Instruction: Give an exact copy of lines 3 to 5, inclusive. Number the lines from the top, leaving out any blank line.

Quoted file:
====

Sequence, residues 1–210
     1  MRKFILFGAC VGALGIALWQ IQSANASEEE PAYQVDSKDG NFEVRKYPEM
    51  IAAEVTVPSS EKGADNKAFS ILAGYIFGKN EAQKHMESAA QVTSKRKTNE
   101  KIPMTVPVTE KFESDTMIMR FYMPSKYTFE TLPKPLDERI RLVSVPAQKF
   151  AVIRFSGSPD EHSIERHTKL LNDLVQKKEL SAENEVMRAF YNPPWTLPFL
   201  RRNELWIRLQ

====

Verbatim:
    51  IAAEVTVPSS EKGADNKAFS ILAGYIFGKN EAQKHMESAA QVTSKRKTNE
   101  KIPMTVPVTE KFESDTMIMR FYMPSKYTFE TLPKPLDERI RLVSVPAQKF
   151  AVIRFSGSPD EHSIERHTKL LNDLVQKKEL SAENEVMRAF YNPPWTLPFL